“I knew I wanted to be a girl in elementary school,” Thomi shared. “I was bullied in 9th grade as a gay male, even though I hadn’t even come out. They knew I was different. I knew I was different. I was a gay male attracted to straight men – talk about conflicted. Imagine living in a world without women,” she explained to me. “No one to look to. You’re just ALONE, internalizing everything, even your own sense of expression…trying to work out your own issues with no one to talk to. It’s helpless and hopeless, which is toxic and ultimately lethal.”
“I did go to therapy at one point,” she admitted. “One therapist, early on, told me I was Transgender. I had a few choice words for her then. I’ve since apologized. But I lived in denial until my 30s. I moved to Los Angeles as a gay man, and was sexually assaulted. I was traumatized to say the least. I didn’t know what to do – who to tell or talk to. I reached out to a few organizations, but they didn’t deal with male sexual assault.”
Suffering from PTSD (later diagnosed in therapy), Thomi couldn’t keep her job. When she finally found a place to live, she was introduced to meth. She ultimately sold and lost everything to support a habit that at its worst was an 8 ball a day habit. “Hitting bottom, looking around and realizing who I was becoming and where I was headed, was the best thing that ever happened to me. In December, 2003, I made a decision to change my life. I have been clean and sober ever since…not even a parking ticket!”
It was on the path of sobriety that Thomi was able to work through her PTSD with the help of therapy, and eventually embrace her true self. Now, in gratitude, with hard earned wisdom and understanding, Thomi spends much of her time helping to advance the fair treatment and practices toward the transgender community, with a deep compassion for LGBTQ youth. “I have transgender youth referred to me a lot. I think the kids feel comfortable with me because they know they can ask me anything. And I can show them that there is hope – that it really does get better. Here I am, living in my own home that I bought and paid for, living with my gorgeous husband, 4 dogs and koi pond,” she said with a smile.
Even after someone identifies themselves as transgender, there are struggles. Thomi warns of going through the medical procedures of transition too quickly. “For me, it was much like a woman going through menopause. You have all these hormones going through your body, causing physical and emotion reactions. Your breasts ache as they come in. Think about it – you’ve been living in one body for your whole life, and even if you hate that body, it’s all you’ve ever known. I think you can have trouble processing the changes, emotionally and physically, trying to transition too fast. And being transgender doesn’t mean you have to go through with every procedure out there!”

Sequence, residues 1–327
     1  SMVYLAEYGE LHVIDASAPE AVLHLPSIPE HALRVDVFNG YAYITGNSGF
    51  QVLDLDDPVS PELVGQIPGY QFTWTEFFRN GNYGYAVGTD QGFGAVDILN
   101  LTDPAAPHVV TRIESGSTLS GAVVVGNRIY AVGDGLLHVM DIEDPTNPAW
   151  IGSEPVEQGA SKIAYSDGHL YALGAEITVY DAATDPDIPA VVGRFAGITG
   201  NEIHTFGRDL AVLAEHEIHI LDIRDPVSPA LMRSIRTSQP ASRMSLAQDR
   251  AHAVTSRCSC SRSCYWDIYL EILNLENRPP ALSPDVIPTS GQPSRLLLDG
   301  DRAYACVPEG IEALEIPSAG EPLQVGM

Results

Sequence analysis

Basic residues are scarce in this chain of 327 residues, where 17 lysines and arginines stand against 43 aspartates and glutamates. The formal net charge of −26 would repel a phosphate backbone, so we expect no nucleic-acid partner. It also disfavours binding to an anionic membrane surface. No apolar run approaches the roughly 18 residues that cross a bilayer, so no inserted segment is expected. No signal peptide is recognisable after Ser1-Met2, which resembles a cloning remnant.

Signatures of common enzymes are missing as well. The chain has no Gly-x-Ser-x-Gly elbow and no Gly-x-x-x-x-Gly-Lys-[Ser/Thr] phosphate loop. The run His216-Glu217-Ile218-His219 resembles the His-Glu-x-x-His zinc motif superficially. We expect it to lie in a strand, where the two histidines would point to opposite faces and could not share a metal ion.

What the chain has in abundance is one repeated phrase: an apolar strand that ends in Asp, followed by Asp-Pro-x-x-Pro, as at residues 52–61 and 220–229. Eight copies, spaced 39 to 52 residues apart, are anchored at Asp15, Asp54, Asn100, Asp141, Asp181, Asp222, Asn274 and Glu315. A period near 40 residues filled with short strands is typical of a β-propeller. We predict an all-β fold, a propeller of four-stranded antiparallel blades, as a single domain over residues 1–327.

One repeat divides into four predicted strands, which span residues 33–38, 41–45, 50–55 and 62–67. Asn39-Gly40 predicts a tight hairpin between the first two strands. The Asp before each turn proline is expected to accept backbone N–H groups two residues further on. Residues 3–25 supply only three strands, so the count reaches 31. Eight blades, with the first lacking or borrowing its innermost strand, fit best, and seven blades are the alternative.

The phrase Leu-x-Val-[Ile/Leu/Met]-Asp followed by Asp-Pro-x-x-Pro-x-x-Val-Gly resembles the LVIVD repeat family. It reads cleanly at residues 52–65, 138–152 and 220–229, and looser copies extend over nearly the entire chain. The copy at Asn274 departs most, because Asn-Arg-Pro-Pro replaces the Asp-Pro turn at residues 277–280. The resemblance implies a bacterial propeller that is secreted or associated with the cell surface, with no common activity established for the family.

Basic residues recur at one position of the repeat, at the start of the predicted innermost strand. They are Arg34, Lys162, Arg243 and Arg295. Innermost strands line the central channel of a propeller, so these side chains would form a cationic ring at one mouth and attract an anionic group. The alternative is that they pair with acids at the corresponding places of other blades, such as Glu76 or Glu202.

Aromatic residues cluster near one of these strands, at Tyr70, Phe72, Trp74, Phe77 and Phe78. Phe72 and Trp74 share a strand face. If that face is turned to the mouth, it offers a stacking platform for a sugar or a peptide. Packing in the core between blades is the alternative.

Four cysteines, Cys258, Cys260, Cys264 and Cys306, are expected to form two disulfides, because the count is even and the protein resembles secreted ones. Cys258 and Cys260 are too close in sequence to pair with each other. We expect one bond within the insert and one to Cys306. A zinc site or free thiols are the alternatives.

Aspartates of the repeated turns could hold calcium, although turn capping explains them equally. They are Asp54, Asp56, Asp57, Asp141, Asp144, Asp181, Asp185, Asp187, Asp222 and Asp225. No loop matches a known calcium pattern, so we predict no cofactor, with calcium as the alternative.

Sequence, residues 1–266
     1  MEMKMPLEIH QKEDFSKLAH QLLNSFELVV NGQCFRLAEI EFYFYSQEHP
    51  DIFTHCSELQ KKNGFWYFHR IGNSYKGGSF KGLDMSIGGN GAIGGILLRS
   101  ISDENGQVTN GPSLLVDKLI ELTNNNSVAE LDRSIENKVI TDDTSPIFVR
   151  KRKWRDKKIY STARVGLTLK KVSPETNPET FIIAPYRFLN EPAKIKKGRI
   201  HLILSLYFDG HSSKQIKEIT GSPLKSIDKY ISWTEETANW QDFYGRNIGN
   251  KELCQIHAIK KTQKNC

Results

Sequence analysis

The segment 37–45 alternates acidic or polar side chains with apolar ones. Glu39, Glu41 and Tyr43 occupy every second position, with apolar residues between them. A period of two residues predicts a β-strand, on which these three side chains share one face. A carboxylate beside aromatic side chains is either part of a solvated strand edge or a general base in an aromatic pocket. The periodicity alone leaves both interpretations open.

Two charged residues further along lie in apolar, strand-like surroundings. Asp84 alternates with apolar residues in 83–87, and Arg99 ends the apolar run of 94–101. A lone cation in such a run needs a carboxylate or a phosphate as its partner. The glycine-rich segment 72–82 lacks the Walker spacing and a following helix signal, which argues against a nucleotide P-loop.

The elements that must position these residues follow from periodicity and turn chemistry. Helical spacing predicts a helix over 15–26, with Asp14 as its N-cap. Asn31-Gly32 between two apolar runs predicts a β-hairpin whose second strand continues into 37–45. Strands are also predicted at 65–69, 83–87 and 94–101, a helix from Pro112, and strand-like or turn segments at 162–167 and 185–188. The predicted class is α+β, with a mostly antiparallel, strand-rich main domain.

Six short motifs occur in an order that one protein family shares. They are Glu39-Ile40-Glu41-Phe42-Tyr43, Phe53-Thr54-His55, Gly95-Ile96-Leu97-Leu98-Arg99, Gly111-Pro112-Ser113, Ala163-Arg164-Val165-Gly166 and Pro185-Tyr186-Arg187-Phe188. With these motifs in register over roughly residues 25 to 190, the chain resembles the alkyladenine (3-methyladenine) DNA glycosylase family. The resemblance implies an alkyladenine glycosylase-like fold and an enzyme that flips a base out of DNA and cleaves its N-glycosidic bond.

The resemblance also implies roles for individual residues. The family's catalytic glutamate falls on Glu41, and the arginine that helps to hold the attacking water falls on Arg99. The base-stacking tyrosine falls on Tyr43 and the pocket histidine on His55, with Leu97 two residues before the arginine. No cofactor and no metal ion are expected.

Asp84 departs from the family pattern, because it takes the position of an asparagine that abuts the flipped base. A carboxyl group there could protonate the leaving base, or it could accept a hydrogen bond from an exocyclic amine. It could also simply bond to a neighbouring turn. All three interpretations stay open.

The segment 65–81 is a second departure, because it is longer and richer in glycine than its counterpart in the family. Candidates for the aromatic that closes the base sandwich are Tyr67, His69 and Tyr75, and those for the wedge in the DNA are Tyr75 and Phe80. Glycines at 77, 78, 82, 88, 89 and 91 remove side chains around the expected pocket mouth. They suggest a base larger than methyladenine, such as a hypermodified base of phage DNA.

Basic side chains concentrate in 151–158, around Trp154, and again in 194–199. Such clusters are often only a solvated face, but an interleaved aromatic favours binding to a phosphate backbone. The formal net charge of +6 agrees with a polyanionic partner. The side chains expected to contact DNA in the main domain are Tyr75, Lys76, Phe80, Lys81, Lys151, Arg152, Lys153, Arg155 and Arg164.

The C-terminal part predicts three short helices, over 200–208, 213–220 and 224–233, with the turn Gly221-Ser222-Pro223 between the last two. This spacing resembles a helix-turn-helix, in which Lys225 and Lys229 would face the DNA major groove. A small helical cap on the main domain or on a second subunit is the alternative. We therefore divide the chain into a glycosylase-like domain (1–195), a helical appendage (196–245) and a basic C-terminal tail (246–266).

Other difficulties come socially: Thomi finds herself subjected to the same adversities women have struggled with for years. “When I presented as a gay male, I was considered to be a great civil rights activist. Now, I get called a bitch.” Meanwhile, not all transgender individuals come from communities and families that are as supportive of the changes in a transgender family member as Aiden’s were. As you read this, Thomi’s father is in his final days. Although, she has family members who show varying levels of acceptance, traveling to Arkansas to be by his side, or to even participate in her father’s funeral, would pull the attention away from where it needs to be, and would add undue stress to those who would rally around her. “I will go afterwards and spend my time showing my respects privately. It would be selfish of me to go now.” Thomi had actually timed her transition so that her father wouldn’t have to deal with any of these types of social struggles.
Recently, the third annual Trans100, an event that recognizes the work of out-trans people who work on trans issues in the United States and who are having a positive impact, listed Thomi in their top 100. As published in TheAdvocate.com, they stated, “Thomi Clinton’s priority is to provide trans people the tools they need to fulfill their right to life, liberty, and the pursuit of happiness. Behind the scenes, her work has affected millions of lives within this nation. She is a nurturer and mother when it comes to humanitarian needs. She has remained behind the scenes for many years. She has facilitated and reformed conservative arenas, including the Department of Justice’s correctional treatment of trans to prevent rape and assault.” But beyond all the accolades and acknowledgments, there is one that ranks highest above them all.